- The current financial management system is referred to as the Walker Interactive system.
KPMG recognized that many of the issues identified and previously reported to the FDIC may have impacted NFE-scheduled
implementation and deployment activities. Therefore, KPMG recommended that the Director, DOF, and the NFE project management
team review the risks identified and develop a risk resolution and action approach in accordance with the risk mitigation
procedures outlined in the NFE risk management plan.
On December 10, 2001, the FDIC’s Board of Directors approved the purchase and implementation of a commercial-off-the-shelf
(COTS) solution to support an enterprise-wide, integrated financial environment for the FDIC. The decision was based on the
need to modernize the FDIC’s complex and aging legacy financial system. The current financial management system, referred to
as the Walker Interactive system, is characterized as a system with non-integrated components feeding into core financial
management system (FMS) functions that requires significant reconciliation activity. Substantial manual processes and
significant staff resources from the FDIC’s DOF and Divisions of Insurance and Research and Resolutions and Receiverships
(DRR) are needed to achieve an unqualified opinion on the Corporation’s financial statements. Additionally, the current
system’s functionality is limited and may preclude infrastructure upgrades.
The FDIC contracted with Accenture LLP (Accenture) in October 2002 to assist the Corporation in replacing its financial
systems with a PeopleSoft financials solution, a COTS product. DOF and the Division of Information Technology (DIT) jointly
managed the project. The NFE project involves less than a 5-percent customization of the PeopleSoft financial modules. The
FDIC considers the re-engineering of its business practices to be a critical factor in achieving the expected benefits of the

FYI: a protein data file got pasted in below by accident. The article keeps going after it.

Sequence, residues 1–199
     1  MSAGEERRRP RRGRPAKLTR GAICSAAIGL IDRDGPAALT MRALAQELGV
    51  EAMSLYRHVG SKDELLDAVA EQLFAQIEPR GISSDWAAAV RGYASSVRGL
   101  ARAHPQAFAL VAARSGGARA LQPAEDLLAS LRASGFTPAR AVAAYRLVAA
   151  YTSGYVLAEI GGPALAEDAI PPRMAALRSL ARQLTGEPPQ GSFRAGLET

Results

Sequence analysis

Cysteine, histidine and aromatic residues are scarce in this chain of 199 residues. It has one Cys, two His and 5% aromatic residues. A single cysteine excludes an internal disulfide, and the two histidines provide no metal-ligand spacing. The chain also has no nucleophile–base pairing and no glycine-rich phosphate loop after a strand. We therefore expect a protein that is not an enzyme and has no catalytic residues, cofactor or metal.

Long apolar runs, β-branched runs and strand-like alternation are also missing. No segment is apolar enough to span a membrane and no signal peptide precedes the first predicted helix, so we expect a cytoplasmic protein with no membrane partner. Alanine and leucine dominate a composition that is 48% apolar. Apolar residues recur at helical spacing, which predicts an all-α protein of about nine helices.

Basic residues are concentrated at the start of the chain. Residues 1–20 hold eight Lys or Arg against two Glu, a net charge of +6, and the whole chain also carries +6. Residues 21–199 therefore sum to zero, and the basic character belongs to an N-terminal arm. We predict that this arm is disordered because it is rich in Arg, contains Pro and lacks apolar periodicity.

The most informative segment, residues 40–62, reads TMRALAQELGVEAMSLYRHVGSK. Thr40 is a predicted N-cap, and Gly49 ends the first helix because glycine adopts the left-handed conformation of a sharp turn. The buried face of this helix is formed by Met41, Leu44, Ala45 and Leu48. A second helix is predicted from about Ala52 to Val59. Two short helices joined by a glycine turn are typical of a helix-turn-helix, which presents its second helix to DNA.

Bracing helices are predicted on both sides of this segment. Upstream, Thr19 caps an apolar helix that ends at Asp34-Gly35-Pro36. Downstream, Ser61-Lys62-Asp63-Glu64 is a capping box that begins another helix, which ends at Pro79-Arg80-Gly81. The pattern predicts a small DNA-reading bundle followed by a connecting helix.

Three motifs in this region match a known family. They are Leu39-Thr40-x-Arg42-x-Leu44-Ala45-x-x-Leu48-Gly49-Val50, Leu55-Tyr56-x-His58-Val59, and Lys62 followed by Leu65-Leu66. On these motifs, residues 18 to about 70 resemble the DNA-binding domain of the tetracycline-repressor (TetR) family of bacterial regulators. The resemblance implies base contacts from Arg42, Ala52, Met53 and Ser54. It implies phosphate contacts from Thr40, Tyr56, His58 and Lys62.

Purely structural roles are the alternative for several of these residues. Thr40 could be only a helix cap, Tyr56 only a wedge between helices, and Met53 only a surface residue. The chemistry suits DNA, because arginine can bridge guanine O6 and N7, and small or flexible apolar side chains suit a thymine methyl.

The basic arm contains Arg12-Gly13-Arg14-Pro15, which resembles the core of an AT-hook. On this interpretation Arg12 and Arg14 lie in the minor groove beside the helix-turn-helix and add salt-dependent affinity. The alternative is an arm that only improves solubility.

NFE in terms of streamlining business processes and avoiding the high-maintenance costs associated with software customization.
The implementation of the core financial system was originally scheduled to occur on July 1, 2004. In June 2004, the Board
approved the business case to re-baseline the NFE project with a revised implementation schedule and $18 million in additional
funding to support the project costs associated with evaluation of the new system and changing business processes, renovation
of legacy systems, new security and quality assurance mandates, and a contingency fund. Under the revised schedule, the core
financial system was scheduled for implementation on May 2, 2005. The Budget Formulation/Receivership Service Billing/Enterprise
Warehouse component and the cost management component were planned for implementation on July 1 and September 1, 2005, respectively.
The NFE Principals and the NFE Steering Committee are responsible for overseeing NFE project activities. The NFE Principals
group is composed of the Chief Financial Officer (CFO) and the directors of the divisions most impacted by NFE implementation
(DOF, DIT, DRR, and the Division of Administration (DOA)). The Steering Committee provides direct oversight and includes senior
management representatives from DIT, DRR, DOA, the Division of Supervision and Consumer Protection (DSC), and the Office
of Enterprise Risk Management (OERM). The NFE project management team is responsible for providing guidance and direction to all
involved parties in these activities, including the FDIC test coordinators, legacy and core test managers, FDIC NFE team leads,
Accenture test execution team, Accenture fix teams, and business area points of contact.
The current NFE project timeline for deployment is separated into three components. The first component calls for the